• remix

    Wow,  I want that I/O on my Mac Pro!

    Ps be careful if you install lion it hide my library folder and presets.  lucky it was my machine for experiments.

  • cocteau

    Love CDM, and have already ordered my new MBP – but is really is NOT 10 GBps ( Bytes per second ) but 10 Gbps ( bits per second ) … I for one welcome the new overlords …

  • Tom

    If you want to run an SSD the best set up at the moment is probably to have a SSD internal and an external to record to(for laptops,preferably firewire). Then this way you aren't taxing the same bus. While this probably isn't a problem for the new interface, it will be interesting once you start daisy chaining devices, especially a monitor at the end of the chain. But i hope you won't have to have a huge chain of devices coming out of the side of our computers. Interestingly is that AGP 8x had 17Gbps available for bandwidth,almost double thunderbolt.

  • loopstationzebra

    Let's not forget the fact that these MBP are pretty much TWICE as powerful as anything prior….

  • All this new tech and the opportunities afforded by it are great but I'm my primary response today is relief that the Firewire port remains.

    Having to repurchase multi-channel I/O (or maintain increasingly outdated laptop hardware) just because the machines have incompatible cables & interface chips would have given me a serious case of the grumbles.

  • Random Chance

    Good thing that Apple did not do anything stupid with this update. I'm certainly relieved. Have been thinking about SSD too, but there are two things that make me reconsider: price per MB, small overall size (I don't want to think too hard about installing another sample library or big applications), and the problem with securely erasing an SSD. The second concern might not be in order if Apple chose SSDs that correctly implement erasing the whole memory and that's handed through to the OS in a sensible manner.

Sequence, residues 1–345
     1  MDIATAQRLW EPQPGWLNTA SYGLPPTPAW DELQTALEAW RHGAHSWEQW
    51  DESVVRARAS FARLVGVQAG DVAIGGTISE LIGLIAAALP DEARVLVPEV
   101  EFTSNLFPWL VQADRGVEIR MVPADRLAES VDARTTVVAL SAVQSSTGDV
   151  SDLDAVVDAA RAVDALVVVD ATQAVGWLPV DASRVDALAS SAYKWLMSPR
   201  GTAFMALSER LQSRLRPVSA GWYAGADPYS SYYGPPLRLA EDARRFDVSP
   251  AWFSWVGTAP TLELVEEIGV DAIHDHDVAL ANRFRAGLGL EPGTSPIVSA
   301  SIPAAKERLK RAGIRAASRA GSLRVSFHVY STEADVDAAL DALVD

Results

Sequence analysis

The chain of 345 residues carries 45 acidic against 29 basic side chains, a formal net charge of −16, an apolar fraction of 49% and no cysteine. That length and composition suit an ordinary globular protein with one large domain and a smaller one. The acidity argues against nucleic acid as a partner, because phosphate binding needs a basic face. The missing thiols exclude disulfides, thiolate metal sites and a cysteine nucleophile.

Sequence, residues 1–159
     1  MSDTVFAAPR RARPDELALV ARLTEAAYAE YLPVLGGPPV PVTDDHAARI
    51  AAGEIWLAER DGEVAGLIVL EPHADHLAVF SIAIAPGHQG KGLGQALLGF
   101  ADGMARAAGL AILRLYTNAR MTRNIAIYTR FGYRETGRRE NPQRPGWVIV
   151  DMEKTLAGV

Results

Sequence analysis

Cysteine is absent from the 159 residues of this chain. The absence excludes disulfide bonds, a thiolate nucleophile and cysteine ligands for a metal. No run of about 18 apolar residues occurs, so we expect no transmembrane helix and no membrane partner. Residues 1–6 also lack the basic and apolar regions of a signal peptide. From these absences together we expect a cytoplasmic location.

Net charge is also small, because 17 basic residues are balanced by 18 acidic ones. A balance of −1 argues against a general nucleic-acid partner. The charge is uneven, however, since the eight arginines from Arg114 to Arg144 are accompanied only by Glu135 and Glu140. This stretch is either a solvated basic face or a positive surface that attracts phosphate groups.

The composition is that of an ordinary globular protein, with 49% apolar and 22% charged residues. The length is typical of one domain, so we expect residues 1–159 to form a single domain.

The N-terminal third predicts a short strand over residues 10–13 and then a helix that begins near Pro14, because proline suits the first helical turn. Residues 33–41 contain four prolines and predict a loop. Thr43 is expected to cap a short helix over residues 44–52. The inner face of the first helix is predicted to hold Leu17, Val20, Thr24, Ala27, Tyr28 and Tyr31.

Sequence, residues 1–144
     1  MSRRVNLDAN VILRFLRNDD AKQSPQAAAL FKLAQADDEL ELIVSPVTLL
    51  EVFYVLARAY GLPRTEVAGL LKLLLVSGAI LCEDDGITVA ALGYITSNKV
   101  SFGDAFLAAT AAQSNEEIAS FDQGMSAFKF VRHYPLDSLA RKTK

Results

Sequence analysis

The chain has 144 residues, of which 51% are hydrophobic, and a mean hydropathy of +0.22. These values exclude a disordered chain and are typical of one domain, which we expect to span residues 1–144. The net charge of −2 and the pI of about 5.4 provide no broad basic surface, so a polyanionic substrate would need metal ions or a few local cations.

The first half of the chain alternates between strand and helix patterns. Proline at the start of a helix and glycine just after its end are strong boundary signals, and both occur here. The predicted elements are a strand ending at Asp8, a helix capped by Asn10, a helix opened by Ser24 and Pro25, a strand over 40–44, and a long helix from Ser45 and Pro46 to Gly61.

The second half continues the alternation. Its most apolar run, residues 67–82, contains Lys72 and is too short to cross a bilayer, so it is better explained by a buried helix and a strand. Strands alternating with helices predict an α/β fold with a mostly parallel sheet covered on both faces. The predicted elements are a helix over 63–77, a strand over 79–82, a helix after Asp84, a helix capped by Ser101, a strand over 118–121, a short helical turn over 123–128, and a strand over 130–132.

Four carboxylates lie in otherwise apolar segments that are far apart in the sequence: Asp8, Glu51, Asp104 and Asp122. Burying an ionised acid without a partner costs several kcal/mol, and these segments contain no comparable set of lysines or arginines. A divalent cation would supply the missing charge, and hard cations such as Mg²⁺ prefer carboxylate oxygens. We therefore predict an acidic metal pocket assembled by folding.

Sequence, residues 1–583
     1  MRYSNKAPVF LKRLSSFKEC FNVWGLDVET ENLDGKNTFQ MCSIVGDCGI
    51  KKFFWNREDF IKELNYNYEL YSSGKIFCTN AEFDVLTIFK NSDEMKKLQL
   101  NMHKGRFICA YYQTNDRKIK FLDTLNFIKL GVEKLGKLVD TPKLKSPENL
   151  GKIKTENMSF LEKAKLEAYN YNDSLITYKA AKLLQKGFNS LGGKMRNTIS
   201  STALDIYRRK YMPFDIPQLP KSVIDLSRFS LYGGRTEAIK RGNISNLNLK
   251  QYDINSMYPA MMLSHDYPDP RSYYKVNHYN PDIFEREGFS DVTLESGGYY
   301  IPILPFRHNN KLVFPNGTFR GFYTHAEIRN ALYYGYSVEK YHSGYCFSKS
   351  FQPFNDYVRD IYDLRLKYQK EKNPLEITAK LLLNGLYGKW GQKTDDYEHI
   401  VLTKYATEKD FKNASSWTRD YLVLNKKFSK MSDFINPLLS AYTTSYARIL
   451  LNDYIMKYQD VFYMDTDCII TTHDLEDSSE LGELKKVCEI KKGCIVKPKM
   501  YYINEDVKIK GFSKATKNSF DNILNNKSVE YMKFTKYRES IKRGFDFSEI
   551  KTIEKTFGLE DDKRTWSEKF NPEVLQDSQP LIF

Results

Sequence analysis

• warriorline

    ah man. i JUST bought a new 27" imac to be the centerpiece of my studio like 3 months ago. and no thunderbolt means already out of date. booooo

  • Charlie Lesoine

    Yeah I just got a brand new 13" MacBook pro on the 14th offer. Suuuuuuuuper pissed.

  • @Tim:  Well, Peter is right on the money…  The real bottleneck these days is often your hard drive.  Especially if it's more than half full (I'm an optimist).  A few months back, I bought a MacBook air as a travel computer.  It's the 13 with SSD and 4GB SDRAM.  The first thing you notice is that it runs silent, which is great for recording.  Second is how it doesn't roast your nuts if you're watching 1080p video.  The thing I still haven't gotten used to is how fast the boot time is.  
    I've been waiting for SSD to take off for almost a decade.  The capacity/size isn't good enough yet for my music studio, but it could get there in a few years.  If a Mac Pro comes out that has 8-10TB of SSD without paying an extra $24k, I'll be pretty happy.     

  • @peter you will be able to do really long runs over optical cables. While it is theoretically possible to run 10Gig Ethernet over copper, network engineers shy away because it is unreliable and difficult to debug. I'd expect the same with Thunderbolt over copper.

    It will be very interesting to see how a consumer 10gb bus impacts the networking world, though. If you want to turn on the 10gb port on your Cisco switch, you need an X2 transceiver that costs $500 – $2500 per-port. Optical cables aren't exactly cheap or easy to deal with, but they should be a lot less expensive per-meter than 10gig capable copper links. With Thunderbolt in the consumer space, volume will ramp up on components like lasers and interface chips.

    It probably won't be long (3-5 years) before you can buy an 8-port 10gig Ethernet switch for $200 rather than the $12,000 you need to pay for an 8-port 10gig Cisco 4900M today.

    @Dustinw I agree, latency is probably the killer app for Thunderbolt. The number of sites that need to stream 9,448 channels of 24/44.1k is probably small (10,000,000 / 24 / 44.1), and it is going to be a long time before we've got hardware that can actually saturate the capacity of a Thunderbolt link.

  • @dustinw and @jamesmcn: thunderbolt doesn't address latency at all. In fact, @jamesmcn, I think you're a bit confused about what audio latency is – it has no relationship to the bandwidth of a link.

    Firewire is perfectly capable of delivering latency so low that the CPU will have a hard time keeping up with it, but most drivers don't permit this to be done (hint: where there is Linux support for a firewire audio device, its latency is invariably lower than its OS X or Windows equivalent).

    Thunderbolt is about bandwidth, not latency. The specs about clocking concern syncing the clocks used to run the protocol, and don't reflect anything related to the kind of audio latency you'll see.